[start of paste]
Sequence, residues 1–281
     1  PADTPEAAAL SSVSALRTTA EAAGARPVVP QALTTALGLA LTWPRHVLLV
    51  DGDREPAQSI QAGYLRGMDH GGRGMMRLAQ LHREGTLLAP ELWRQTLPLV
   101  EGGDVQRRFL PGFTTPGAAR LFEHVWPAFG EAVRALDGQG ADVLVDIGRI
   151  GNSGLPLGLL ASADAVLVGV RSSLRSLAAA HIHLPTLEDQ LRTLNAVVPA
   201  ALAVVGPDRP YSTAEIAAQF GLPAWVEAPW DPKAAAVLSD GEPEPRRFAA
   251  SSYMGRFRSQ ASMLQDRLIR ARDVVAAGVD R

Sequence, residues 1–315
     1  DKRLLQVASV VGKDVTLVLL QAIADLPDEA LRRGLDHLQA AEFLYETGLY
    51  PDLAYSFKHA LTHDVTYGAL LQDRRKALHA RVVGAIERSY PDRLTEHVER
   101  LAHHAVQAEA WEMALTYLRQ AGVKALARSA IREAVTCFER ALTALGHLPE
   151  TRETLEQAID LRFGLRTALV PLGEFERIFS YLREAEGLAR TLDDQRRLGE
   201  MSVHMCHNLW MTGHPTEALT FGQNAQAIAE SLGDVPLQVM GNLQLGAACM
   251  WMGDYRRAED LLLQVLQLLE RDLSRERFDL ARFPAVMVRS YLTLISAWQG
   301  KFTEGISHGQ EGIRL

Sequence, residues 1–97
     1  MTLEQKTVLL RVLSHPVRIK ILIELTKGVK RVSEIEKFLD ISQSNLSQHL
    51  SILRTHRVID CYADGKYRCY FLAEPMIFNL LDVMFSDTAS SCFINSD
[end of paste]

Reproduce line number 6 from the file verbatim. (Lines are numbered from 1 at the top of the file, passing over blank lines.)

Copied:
   201  ALAVVGPDRP YSTAEIAAQF GLPAWVEAPW DPKAAAVLSD GEPEPRRFAA